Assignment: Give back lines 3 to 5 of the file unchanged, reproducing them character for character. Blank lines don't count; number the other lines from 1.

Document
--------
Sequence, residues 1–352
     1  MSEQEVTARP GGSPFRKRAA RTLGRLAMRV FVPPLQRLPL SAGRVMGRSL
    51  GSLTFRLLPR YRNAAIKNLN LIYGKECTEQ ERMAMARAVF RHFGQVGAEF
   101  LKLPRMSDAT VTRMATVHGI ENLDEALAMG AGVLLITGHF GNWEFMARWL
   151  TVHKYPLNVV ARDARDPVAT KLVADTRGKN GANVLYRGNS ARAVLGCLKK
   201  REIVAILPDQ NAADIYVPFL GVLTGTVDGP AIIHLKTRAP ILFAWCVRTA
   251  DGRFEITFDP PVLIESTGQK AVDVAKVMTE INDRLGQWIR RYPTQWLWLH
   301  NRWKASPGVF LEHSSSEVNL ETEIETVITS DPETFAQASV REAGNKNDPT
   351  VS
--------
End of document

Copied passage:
    51  GSLTFRLLPR YRNAAIKNLN LIYGKECTEQ ERMAMARAVF RHFGQVGAEF
   101  LKLPRMSDAT VTRMATVHGI ENLDEALAMG AGVLLITGHF GNWEFMARWL
   151  TVHKYPLNVV ARDARDPVAT KLVADTRGKN GANVLYRGNS ARAVLGCLKK